In the continuing quest to battle ransomware in our networks, as well as other types of malware, just this month (Jan 2020) the National Institute of Standards and Technology (NIST) has released a brand-new guide to assist in this battle. While still in the comment period, this new guide NIST SPECIAL PUBLICATION 1800-26B entitled “Data Integrity: Detecting and Responding to Ransomware and Other Destructive Events” is meant to be a practical guide for executives, CISO’s, system administrators or anyone else who has a stake in protecting an organizations data, privacy and overall network security.
A copy of this document can be found here:
This project is a collaboration between NIST and several commercial Technology Partners / Collaborators. The goal was to produce a reference design and then show possible implementations using commercially available technologies to develop example solutions that organizations could follow to improve their security controls.
Quoting directly from the project summary:
“This project focuses on detailed methods and potential toolsets that can detect, mitigate, and contain data integrity events in the components of an enterprise network. It also identifies tools and strategies to aid in a security team's response to such an event.”
The project identifies the following list of capabilities that need to exist in today's modern networks to effectively defend again ransomware and other modern threats:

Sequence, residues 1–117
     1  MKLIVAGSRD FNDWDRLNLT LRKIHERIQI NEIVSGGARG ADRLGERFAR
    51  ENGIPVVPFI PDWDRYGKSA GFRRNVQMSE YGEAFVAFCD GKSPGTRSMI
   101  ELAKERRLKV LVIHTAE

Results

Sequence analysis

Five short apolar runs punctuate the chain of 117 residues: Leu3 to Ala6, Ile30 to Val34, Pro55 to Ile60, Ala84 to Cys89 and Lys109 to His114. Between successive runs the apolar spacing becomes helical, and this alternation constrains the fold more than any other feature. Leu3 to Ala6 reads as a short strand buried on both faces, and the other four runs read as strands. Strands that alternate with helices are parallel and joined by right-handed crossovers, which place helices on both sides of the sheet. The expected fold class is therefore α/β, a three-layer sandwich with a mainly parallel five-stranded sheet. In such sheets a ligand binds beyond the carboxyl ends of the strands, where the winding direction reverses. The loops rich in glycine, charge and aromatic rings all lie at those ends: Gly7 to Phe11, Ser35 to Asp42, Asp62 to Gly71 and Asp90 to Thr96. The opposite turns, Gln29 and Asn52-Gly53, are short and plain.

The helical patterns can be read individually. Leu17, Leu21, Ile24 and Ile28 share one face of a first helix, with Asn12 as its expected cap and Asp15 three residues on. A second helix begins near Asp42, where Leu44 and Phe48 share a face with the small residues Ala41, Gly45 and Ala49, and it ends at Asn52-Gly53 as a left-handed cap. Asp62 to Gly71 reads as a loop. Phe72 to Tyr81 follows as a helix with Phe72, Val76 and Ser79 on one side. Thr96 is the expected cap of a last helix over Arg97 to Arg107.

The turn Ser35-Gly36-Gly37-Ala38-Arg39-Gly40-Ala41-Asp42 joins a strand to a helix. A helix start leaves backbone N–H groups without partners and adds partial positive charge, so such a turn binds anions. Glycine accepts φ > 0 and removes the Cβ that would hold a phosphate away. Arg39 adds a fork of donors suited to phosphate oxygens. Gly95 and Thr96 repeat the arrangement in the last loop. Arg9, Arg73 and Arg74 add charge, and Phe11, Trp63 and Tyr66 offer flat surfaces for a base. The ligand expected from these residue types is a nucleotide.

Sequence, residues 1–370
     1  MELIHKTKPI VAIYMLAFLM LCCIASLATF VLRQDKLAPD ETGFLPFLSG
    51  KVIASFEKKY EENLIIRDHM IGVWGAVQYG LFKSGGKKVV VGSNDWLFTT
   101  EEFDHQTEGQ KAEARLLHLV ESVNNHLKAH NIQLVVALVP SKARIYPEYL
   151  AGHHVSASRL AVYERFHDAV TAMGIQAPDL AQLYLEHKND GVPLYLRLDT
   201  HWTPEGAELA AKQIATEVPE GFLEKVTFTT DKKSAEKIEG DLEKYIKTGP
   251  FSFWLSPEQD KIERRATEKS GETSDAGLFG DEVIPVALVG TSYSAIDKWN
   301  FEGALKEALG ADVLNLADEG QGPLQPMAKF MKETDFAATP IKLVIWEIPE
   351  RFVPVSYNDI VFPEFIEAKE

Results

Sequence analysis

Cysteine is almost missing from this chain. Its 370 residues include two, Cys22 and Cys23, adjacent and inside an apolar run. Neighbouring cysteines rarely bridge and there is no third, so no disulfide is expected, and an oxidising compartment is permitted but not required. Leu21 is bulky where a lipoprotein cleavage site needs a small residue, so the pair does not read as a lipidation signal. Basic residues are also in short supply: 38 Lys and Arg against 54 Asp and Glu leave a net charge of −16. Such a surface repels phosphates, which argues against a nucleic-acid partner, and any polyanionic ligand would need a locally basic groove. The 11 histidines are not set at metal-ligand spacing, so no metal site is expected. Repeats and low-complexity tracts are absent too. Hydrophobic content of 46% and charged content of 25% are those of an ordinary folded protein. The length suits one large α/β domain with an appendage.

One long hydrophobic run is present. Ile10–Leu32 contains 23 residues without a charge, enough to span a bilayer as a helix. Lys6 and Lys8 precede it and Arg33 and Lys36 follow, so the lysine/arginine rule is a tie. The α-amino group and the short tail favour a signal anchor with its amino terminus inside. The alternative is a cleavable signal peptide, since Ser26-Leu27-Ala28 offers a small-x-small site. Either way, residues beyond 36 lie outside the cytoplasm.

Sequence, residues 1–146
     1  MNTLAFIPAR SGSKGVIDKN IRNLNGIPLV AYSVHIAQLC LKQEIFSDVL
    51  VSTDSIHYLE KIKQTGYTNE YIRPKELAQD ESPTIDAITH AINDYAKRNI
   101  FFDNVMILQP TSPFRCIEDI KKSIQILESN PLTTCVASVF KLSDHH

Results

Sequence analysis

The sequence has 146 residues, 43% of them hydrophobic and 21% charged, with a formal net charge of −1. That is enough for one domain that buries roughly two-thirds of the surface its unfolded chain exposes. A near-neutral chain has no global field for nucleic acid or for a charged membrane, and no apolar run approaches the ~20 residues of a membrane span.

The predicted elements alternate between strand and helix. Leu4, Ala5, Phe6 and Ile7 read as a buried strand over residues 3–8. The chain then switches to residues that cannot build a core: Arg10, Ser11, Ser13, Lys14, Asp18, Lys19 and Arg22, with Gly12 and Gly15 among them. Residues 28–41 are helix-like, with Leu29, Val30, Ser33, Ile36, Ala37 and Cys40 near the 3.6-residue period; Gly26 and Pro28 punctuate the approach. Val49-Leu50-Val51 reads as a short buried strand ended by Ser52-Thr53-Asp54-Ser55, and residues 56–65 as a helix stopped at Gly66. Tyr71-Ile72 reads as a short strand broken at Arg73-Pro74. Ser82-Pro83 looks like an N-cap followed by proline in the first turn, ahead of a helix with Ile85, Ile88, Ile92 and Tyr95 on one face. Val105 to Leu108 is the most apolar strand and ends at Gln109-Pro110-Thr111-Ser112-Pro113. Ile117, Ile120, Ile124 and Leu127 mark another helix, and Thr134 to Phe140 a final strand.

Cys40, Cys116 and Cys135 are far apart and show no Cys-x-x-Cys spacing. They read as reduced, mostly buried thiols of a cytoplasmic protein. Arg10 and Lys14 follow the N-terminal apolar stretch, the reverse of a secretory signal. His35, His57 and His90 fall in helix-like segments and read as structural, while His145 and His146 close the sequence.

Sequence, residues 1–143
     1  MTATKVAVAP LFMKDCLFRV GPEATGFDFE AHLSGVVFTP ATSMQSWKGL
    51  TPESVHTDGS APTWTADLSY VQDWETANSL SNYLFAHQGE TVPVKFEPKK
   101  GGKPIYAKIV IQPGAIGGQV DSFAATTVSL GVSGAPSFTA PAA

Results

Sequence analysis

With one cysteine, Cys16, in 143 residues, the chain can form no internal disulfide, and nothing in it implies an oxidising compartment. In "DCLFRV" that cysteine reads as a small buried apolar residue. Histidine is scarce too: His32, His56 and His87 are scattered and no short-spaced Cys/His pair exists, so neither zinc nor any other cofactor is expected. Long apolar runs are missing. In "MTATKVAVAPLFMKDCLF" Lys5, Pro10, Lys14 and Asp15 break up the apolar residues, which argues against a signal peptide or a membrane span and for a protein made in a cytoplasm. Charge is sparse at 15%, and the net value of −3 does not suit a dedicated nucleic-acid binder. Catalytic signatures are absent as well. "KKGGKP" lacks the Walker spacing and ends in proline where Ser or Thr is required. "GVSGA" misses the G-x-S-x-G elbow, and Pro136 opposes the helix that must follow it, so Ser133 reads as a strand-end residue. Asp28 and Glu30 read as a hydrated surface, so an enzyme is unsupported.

Integrity Monitoring provides capabilities for comparing current system states against established baselines.
Event Detection provides capabilities for detecting ongoing events and can be composed of intrusion detection, malware detection, user anomaly detection, and others, depending on the established threat model of the organization.
Logging records and stores all the log files produced by components within the enterprise.
Forensics/Analytics provides the capability to probe/analyze logs and machines within the enterprise to learn from DI events.
Mitigation and Containment allows responding to DI events by containing and limiting the threat’s ability to affect the system.
Reporting provides the capability to report on all activities within the enterprise and within the reference architecture for analysis by a security team.
The publication is quite comprehensive, it currently contains three sections starting with section A, a five-page executive summary. This is followed by section B an over 60-page section discussing the architecture, how it maps to the NIST standards and details out some potential commercial products that could be used to implement the framework. This section has lots of appendices and tables so the bulk of what you want to read is probably in the first 20 pages or so unless you need to find something in one of the reference tables.
The last section, section C, is an over 450-page set of “How-to-guides” provided by the various vendors with at least some basic initial information about using their tools in implementing the example solutions in the document.
Even if you are not quite ready to pioneer the implementation of these solutions on your own a read-through of section B will help you better understand the needed components and functions to address this continuously emerging threat. With that understanding, you can better begin to map out your particular roadmap to improve your network's ability to handle these types of attacks.